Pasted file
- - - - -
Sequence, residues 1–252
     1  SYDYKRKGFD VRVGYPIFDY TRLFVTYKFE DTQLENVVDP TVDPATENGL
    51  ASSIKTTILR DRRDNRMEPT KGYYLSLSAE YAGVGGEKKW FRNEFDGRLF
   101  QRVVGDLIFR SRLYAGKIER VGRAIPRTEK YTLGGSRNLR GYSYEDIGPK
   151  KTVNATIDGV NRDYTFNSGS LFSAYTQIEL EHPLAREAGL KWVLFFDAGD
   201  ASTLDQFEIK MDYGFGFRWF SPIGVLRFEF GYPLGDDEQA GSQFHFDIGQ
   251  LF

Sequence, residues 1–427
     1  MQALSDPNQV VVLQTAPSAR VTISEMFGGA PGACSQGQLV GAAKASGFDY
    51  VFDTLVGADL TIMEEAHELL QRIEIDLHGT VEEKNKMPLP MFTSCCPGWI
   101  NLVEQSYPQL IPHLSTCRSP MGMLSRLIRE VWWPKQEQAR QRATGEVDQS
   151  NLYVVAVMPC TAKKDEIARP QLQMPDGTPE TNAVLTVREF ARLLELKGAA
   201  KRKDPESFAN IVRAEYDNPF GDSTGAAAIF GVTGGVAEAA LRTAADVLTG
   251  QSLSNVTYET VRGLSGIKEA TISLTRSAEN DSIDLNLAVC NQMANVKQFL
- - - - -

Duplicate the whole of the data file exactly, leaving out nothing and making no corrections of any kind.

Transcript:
Sequence, residues 1–252
     1  SYDYKRKGFD VRVGYPIFDY TRLFVTYKFE DTQLENVVDP TVDPATENGL
    51  ASSIKTTILR DRRDNRMEPT KGYYLSLSAE YAGVGGEKKW FRNEFDGRLF
   101  QRVVGDLIFR SRLYAGKIER VGRAIPRTEK YTLGGSRNLR GYSYEDIGPK
   151  KTVNATIDGV NRDYTFNSGS LFSAYTQIEL EHPLAREAGL KWVLFFDAGD
   201  ASTLDQFEIK MDYGFGFRWF SPIGVLRFEF GYPLGDDEQA GSQFHFDIGQ
   251  LF

Sequence, residues 1–427
     1  MQALSDPNQV VVLQTAPSAR VTISEMFGGA PGACSQGQLV GAAKASGFDY
    51  VFDTLVGADL TIMEEAHELL QRIEIDLHGT VEEKNKMPLP MFTSCCPGWI
   101  NLVEQSYPQL IPHLSTCRSP MGMLSRLIRE VWWPKQEQAR QRATGEVDQS
   151  NLYVVAVMPC TAKKDEIARP QLQMPDGTPE TNAVLTVREF ARLLELKGAA
   201  KRKDPESFAN IVRAEYDNPF GDSTGAAAIF GVTGGVAEAA LRTAADVLTG
   251  QSLSNVTYET VRGLSGIKEA TISLTRSAEN DSIDLNLAVC NQMANVKQFL